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Ruth Whyte, osteo-archaologist for York Archaeological Trust, with one of the skeletons. Photographs: Richard McDougall. Click to see a bigger image

He had a brutal life which was probably cut short on the Tyburn gallows. But now, more than 500 years after his death, this young man is belatedly being celebrated as an amazing historical discovery.

Dating from the time of Richard III, this skeleton of a man aged between 25 and 39 was buried close to York’s place of execution at Knavesmire.

He was one of 12 men whose remains were found together in a pit within 1.5m of the surface.

Injuries to the skeletons – this man had a three-week-old break to one arm at the time of his death – and their proximity to Tyburn lead experts to speculate they might have been executed there after fighting in the Wars of the Roses, as Richard III sought power for the Yorkist cause.

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An amazing discovery… Archaeologists working on the excavation at Knavesmire. Click to see a bigger image

Carbon dating puts their date of death around 1469 – but it was a 21st century upgrade of York’s electricity supply that rediscovered them.

Regional distribution company Northern Powergrid and its contractor Interserve made the discovery in 2013 as they replaced four miles of 1950s cables under the city at a cost of £7 million.

They worked in partnership with York Archaeological Trust and York council to recover and preserve the remains. One skeleton will soon go on display at the Richard III Experience at Monk Bar.

Possibly professional soldiers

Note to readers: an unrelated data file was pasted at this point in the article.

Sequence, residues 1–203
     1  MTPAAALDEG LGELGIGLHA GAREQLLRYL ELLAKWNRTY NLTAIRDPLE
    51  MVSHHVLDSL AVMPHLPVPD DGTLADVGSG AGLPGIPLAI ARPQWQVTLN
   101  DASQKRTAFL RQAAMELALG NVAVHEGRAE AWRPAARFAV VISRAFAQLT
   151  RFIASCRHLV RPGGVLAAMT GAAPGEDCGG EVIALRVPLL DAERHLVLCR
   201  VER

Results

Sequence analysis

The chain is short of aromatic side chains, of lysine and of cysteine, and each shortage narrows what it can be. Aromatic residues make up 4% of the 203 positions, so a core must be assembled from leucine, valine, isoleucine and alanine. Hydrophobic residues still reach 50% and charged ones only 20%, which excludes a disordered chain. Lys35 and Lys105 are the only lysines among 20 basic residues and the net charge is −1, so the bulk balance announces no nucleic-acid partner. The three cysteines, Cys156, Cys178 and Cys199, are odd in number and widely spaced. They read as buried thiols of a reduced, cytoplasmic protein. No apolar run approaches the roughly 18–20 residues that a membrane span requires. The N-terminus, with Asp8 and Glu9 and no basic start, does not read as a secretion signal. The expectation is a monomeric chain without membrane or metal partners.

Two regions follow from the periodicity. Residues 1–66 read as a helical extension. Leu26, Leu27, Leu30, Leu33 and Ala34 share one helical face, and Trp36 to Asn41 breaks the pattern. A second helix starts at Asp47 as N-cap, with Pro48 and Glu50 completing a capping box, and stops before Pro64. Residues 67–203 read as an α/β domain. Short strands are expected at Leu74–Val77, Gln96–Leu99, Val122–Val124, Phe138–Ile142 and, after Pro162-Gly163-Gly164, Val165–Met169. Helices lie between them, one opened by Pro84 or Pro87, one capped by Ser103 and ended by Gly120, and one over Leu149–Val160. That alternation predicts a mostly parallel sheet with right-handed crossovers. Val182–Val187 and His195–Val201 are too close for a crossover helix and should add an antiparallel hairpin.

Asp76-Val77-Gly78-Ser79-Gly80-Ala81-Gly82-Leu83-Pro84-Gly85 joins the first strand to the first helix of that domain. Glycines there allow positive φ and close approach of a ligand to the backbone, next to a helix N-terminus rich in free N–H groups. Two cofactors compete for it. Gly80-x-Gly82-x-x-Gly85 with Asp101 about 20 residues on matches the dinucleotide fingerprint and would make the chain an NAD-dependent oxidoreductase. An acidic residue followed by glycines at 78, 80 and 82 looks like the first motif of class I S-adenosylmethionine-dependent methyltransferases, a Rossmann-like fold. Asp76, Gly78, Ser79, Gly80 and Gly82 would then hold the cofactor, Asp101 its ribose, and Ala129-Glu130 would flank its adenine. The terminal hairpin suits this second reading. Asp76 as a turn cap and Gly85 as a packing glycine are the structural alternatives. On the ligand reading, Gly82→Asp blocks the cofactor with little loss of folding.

All the skeletons were male and mostly aged between 25 and 40 at the time of their deaths. Two had significant bone fractures which could be evidence of fighting, perhaps associated with professional soldiers.

So how certain can we be that they were executed?

“When you were hanged in this period it wasn’t a drop that broke your neck, it was strangulation,” said John Oxley, city archaeologist. “That doesn’t leave any signs on the skeleton.

“We know for certain that these individuals were all buried right next to Tyburn on Knavesmire, where executions were carried out from the 14th century to 1801.

“It’s a reasonable inference to suggest they were executed and buried at the site.”

Another clue is the fact that they weren’t buried in accordance with Christian ritual. They were interred together, and facing north to south – rather than east-west in accordance with 15th century religious practice.

Dave Aspden, of York Archaeological Trust, described it as a fascinating find.

Were these individuals criminals, or could they have been Lancastrian soldiers?

They may have been captured in battle and brought to York for execution, possibly in the aftermath of the Battle of Towton during the Wars of the Roses, and their remains hastily buried near the gallows.

What now?

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A close-up of the foot bones; L-R: Dave Smith, Northern Powergrid’s project engineer; Cllr Sonja Crisp, cabinet member for culture; Andrew Robinson, senior quantity surveyor at Interserve; and Ruth Whyte, osteo-archaologist for York Archaeological Trust. Click to see a bigger image

The excavation to recover the remains only took a couple of weeks, funded by £13,000 from Northern Powergrid. Since then experts at the trust have been working to find out more about the men.

One of the most complete skeletons will go on temporary display at the Richard III Experience. The other remains will go to the research collection at the Yorkshire Museum.

Meanwhile, the new section of Northern Powergrid’s 33,000 volt underground cabling – which spans from Melrosegate across the city to Campleshon Road and Gale Lane – was switched on earlier this month and is now keeping our lights on.